Egypt Opposition Alleges Fraud in Referendum

Your News Companion by Ben Mathis-Lilley
Dec. 23 2012 12:13 PM

Egyptian Opposition Alleges Fraud in Constitution Referendum

158649525
Egyptian men cast their ballots during the second round of a referendum on a new draft constitution in Giza, south of Cairo

Photo by MAHMUD HAMS/AFP/Getty Images

As Egypt’s Muslim Brotherhood celebrated an unofficial tally that showed 64 percent of voters backed a controversial Islamist-backed constitution in two rounds of voting that ended Saturday, the opposition called for an investigation into allegations of voter fraud, reports the Associated Press. If nothing else, the quick claim to victory and the just-as-quick claims that it was the result of fraud appear to be a clear indication that the two-stage referendum that ended Saturday will result in further tensions in Egypt. The official results are not expected until Monday, but there is little doubt the Islamists won. An opposition official confirms to Reuters their unofficial count also shows the “yes” vote winning. Assuming the referendum passes, the government will have to hold parliamentary election within 60 days.

Members of the opposition are emphasizing that a low turnout of around 30 percent of voters will allow them to continue pressuring President Mohammed Morsi. Meanwhile, the main opposition coalition, the National Salvation Front, has vowed to form a single party to provide a credible challenge to the Islamists. But first, the opposition claims to be determined to contest the results of the referendum. "We're going to challenge this in the courts, we're going to challenge this in the streets, we're going to challenge this until we die, because we cannot recognize this wide attempt to steal the people's future," Ahmed Hawary, a spokesperson for the NSF, told Al Jazeera. The New York Times points out that how the Islamists and the opposition manage the tensions that will inevitably arise after the vote “will determine whether Egypt returns to stability or plunges further into discord."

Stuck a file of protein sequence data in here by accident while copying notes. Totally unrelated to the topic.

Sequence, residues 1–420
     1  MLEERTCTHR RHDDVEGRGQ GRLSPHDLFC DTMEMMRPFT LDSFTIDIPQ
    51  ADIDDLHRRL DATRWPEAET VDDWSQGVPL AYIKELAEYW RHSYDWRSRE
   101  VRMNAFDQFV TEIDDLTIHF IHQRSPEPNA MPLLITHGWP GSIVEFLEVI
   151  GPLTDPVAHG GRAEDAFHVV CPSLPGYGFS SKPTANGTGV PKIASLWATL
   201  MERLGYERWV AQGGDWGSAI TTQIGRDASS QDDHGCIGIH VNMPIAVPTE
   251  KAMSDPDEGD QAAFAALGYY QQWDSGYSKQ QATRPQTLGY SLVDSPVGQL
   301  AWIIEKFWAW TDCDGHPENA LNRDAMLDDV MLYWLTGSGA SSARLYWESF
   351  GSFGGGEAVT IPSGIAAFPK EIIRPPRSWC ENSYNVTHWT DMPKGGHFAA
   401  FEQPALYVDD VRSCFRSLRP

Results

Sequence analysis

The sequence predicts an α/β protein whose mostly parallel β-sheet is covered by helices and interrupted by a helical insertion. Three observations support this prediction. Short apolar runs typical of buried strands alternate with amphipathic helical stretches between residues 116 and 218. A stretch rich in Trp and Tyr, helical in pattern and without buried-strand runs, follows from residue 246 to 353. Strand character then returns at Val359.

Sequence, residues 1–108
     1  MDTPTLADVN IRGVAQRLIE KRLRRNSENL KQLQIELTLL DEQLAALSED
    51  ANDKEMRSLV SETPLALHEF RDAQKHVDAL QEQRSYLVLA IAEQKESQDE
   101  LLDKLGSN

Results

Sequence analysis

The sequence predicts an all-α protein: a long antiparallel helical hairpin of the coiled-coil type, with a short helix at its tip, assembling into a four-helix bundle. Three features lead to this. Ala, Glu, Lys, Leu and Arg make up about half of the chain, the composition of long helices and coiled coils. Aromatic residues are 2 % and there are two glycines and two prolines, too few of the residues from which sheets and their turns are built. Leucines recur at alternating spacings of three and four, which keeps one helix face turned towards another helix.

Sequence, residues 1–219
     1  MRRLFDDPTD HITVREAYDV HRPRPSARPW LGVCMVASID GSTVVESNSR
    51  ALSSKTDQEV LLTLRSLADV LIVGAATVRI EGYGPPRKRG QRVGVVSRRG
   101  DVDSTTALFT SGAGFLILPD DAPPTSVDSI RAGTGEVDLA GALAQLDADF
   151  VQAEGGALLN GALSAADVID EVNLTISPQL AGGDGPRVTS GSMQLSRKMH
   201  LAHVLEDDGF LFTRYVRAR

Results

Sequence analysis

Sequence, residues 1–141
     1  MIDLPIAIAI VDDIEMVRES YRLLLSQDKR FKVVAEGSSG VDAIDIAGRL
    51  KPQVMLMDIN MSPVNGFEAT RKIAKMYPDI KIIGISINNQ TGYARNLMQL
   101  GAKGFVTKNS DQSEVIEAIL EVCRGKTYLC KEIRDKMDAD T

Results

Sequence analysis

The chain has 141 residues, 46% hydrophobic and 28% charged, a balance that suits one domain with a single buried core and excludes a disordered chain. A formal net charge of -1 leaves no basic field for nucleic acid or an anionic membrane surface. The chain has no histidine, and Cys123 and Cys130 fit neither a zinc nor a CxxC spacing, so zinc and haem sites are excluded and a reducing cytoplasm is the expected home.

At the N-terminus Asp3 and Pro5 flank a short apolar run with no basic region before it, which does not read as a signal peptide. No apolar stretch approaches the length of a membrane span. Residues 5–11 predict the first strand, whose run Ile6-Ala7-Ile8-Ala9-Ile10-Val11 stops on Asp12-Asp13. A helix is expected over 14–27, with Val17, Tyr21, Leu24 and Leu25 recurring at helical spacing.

Daniel Politi has been contributing to Slate since 2004 and wrote the "Today's Papers" column from 2006 to 2009. You can follow him on Twitter @dpoliti.

TODAY IN SLATE

Doublex

Crying Rape

False rape accusations exist, and they are a serious problem.

Scotland Learns That Breaking Up a Country Is Hard to Do

There’s a Way to Keep Ex-Cons Out of Prison That Pays for Itself. Why Don’t More States Use It?

The Music Industry Is Ignoring Some of the Best Black Women Singing R&B

How Will You Carry Around Your Huge New iPhone? Apple Pants!

Culturebox

Theo’s Joint and Vanessa’s Whiskey

No sitcom did the “Very Special Episode” as well as The Cosby Show.

Television

The Other Huxtable Effect

Thirty years ago, The Cosby Show gave us one of TV’s great feminists.

Cliff Huxtable Explains the World: Five Lessons From TV’s Greatest Dad

Why Television Needs a New Cosby Show Right Now

  News & Politics
The World
Sept. 19 2014 12:33 PM The Precarious Predicament of Russia’s Neighbors
  Business
Moneybox
Sept. 19 2014 12:09 PM How Accelerators Have Changed Startup Funding
  Life
The Vault
Sept. 19 2014 12:08 PM The CIA Used to Have a Commute-by-Canoe Club. One Member’s Memories.
  Double X
The XX Factor
Sept. 19 2014 11:33 AM Planned Parenthood Is About to Make It a Lot Easier to Get Birth Control
  Slate Plus
Slate Picks
Sept. 19 2014 12:00 PM What Happened at Slate This Week? The Slatest editor tells us to read well-informed skepticism, media criticism, and more.
  Arts
Brow Beat
Sept. 19 2014 12:10 PM Watch the Trailer for Big Eyes, a Tim Burton Movie About People With Normal-Sized Eyes
  Technology
Future Tense
Sept. 19 2014 11:40 AM Apple Invented the Perfect Way to Handle Your Giant New Phone
  Health & Science
Medical Examiner
Sept. 19 2014 12:13 PM The Most Terrifying Thing About Ebola  The disease threatens humanity by preying on humanity.
  Sports
Sports Nut
Sept. 18 2014 11:42 AM Grandmaster Clash One of the most amazing feats in chess history just happened, and no one noticed.